McCue traveled across the country to attend our first-ever TBEX Conference in the Finger Lakes Wine Country, an idyllic destination located in upstate New York. 

We flew. We ate. We drank. We mingled. We laughed. We listened. And we learned.

Back up a minute… just what is TBEX? TBEX is the largest conference and networking event for travel bloggers, online travel journalists, new media content creators, travel brands and industry professionals. Each year, TBEX brings the travel industry’s most creative minds together to learn, network and do business together. It’s one big happy traveling family!  Each conference attracts 600-800 delegates from around the world, making it a golden opportunity for PR firms and their clients to engage with the most influential travel bloggers and leading digital content creators working today.

Connecting with travel media professionals and keeping up with the latest trends in tourism marketing is what we’re all about here at McCue, and we’re eager to share some valuable insights gleaned from our exciting experience.

Here are the top five things we learned from TBEX 2018:

1. Travel bloggers are professionals, and they are here to stay. – As tourism marketing consultants, we need to make our destination clients aware that the term “blogger” isn’t a dirty word anymore.  Blogging is no amateur sport. This generation of travel media is professional, diligent and hungry to turn their digital medium of choice into a profit-making travel brand.  Many travel influencers are trained journalists, editors, producers, performers, photographers and writers operating their own businesses. These are worthwhile partnerships for tourism associations to invest in long-term.

2. YouTube, Facebook Live and Instagram Stories are now considered legit broadcast news. – Don’t let your destination clients throw digital channels and streaming stations out with the trash.  Digital video is now considered a legitimate content platform, and it has audiences that are growing at a rate that may rival mainstream news outlets in the not-too-distant-future.  

3. Tourism marketing thinks growth is linear, but the reality is that growth is exponential. – Marketing strategies are often planned in a linear way.  We need to shake and break that paradigm going forward. In the near future, we’ll need to devise ways to measure growth and develop KPIs that measure exponential — not linear — success.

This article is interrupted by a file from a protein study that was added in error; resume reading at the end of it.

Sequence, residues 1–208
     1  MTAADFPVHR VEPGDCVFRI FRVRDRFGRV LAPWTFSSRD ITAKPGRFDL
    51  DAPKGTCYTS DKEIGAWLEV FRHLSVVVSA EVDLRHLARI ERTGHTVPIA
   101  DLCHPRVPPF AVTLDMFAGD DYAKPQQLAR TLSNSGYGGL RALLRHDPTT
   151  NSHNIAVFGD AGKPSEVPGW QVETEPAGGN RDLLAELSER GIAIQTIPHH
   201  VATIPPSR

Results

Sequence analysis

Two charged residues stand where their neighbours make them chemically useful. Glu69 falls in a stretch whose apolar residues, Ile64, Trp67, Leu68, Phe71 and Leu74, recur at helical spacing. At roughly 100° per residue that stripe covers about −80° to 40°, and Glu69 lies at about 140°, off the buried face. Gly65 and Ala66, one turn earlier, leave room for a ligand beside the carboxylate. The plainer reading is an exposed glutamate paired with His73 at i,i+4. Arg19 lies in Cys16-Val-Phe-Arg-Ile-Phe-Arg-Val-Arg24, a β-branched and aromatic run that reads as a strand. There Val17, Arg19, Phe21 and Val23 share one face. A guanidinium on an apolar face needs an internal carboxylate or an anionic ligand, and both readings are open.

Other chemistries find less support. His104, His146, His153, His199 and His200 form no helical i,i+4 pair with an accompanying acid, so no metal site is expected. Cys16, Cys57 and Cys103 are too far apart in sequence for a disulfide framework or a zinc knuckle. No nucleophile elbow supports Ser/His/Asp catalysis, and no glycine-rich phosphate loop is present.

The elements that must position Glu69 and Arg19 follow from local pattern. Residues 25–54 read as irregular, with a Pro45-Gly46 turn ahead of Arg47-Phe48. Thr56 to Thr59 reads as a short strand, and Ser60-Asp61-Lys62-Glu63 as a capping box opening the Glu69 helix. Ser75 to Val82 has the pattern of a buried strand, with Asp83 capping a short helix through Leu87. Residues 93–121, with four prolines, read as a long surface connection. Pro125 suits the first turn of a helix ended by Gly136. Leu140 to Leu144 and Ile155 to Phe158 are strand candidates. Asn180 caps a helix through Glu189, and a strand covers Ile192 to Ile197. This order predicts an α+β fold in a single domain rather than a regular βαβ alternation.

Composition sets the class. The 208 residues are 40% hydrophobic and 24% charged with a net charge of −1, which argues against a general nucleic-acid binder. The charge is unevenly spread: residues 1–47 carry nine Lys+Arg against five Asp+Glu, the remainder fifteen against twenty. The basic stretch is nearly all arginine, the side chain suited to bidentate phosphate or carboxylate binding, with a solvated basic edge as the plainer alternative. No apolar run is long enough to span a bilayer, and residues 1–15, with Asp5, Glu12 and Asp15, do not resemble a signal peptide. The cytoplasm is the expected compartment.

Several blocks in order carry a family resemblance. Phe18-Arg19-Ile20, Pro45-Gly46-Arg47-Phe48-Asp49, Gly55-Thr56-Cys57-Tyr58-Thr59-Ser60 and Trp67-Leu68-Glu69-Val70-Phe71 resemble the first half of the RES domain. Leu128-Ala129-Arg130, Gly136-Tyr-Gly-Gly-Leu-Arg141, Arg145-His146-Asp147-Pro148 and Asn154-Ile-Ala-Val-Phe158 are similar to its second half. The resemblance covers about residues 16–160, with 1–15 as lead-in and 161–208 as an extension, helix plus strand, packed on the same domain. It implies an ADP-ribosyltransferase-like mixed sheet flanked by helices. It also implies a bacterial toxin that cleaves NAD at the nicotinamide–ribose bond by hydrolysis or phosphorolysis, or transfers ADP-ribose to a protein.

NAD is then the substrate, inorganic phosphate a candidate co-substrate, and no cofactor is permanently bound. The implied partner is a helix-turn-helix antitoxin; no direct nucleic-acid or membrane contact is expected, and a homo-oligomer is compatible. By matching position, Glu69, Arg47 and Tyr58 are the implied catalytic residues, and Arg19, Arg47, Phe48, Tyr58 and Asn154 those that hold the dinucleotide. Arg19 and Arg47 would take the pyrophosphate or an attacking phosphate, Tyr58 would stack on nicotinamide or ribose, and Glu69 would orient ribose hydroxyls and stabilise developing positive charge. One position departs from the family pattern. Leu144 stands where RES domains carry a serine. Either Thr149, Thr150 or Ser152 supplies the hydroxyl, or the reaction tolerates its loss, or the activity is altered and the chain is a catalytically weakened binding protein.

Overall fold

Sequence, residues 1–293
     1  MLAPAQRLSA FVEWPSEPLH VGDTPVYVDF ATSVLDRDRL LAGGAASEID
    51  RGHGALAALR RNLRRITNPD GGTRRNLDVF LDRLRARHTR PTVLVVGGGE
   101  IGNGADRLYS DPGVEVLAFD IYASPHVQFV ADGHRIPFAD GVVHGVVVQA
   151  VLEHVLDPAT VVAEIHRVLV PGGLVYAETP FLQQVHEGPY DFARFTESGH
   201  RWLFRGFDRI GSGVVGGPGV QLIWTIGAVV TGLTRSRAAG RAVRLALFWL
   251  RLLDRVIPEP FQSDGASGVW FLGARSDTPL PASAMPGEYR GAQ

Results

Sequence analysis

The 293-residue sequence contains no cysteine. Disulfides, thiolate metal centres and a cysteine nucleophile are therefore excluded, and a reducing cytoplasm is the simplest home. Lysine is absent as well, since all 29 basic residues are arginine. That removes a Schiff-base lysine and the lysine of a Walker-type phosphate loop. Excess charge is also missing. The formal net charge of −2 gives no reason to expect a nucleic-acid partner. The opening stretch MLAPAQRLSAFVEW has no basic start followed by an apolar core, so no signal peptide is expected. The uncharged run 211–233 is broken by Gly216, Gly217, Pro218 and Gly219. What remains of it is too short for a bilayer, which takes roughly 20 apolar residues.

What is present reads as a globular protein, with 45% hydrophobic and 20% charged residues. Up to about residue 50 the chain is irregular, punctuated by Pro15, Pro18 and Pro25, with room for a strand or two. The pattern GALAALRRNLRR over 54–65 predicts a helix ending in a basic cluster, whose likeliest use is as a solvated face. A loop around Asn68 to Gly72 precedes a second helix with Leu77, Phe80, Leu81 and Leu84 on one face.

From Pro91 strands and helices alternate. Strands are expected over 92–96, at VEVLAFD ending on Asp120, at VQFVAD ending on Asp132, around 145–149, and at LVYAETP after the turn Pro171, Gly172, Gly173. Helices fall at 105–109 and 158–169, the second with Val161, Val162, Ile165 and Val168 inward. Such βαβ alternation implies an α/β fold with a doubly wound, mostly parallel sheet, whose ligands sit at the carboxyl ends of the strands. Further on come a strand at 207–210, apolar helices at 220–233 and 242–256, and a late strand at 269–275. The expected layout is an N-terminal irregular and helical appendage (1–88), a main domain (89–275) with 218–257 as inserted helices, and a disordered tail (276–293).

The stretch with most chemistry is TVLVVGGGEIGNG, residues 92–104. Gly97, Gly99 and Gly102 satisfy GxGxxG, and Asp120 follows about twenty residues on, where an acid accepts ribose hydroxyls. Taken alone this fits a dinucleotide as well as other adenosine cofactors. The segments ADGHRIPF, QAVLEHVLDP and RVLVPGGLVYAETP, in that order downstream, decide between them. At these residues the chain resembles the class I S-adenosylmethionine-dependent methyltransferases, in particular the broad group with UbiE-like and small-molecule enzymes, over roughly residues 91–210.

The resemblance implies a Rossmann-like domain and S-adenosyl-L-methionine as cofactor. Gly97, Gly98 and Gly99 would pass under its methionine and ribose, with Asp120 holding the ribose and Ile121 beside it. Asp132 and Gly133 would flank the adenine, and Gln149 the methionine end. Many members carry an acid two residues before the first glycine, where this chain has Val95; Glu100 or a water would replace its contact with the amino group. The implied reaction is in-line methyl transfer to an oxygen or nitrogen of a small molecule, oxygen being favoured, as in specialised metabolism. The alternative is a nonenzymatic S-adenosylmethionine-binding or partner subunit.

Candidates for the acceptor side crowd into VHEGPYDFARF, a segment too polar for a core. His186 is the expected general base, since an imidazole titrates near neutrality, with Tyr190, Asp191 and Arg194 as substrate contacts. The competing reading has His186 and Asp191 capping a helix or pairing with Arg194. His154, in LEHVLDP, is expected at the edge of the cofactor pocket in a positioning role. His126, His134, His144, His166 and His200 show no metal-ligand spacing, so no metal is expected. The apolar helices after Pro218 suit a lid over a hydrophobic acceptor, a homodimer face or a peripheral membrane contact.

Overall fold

4. Virtual and augmented reality is here. – As content marketers for DMOs and tourism associations, we should start planning content, concepts and campaigns for the new VR and AR technology, which is fast-approaching.  Manual online search is declining and new generations of phones will be augmented with immediate content pop-ups. We’ll need to take control of content and steer this virtual reality ship.

5. Access to big data = hyper-personalized marketing strategy. – As marketing organizations get their hands on big data, they will provide us with hyper-specific information.  Gone are the generic, general content and ads; get rid of them now. For content to be helpful and visible to potential visitors, tourism marketing needs to speak to specific travelers about the specific things they want at the specific times they want them.

As one marketing presenter put it, it’s good to know that there are three critical marketing concepts that won’t change:

  1. Creativity
  2. Community
  3. Collaboration

And we’ve got those covered.  Until next time, TBEX!

Click here to access TBEX North America’s 2018 session decks.

Sienna Spencer Markles

About the Author, Sienna Spencer-Markles

Sienna Spencer-Markles leads Media Relations for the Travel Team, putting her “people skills” to work connecting journalists and influencers with the agency’s destination and hospitality clients. A 10-year media relations veteran, she has a good nose for a story and an eye for trends, making her an indispensable resource to clients seeking coverage in national, regional and local media outlets. Likewise, she brings logistical acumen, tireless enthusiasm and an innate sensitivity to “local politics” to every client program, offering on-point advice and ideas for overcoming challenges. She regularly develops and hosts media FAMs, represents clients at events, creates press materials, and coordinates media missions.

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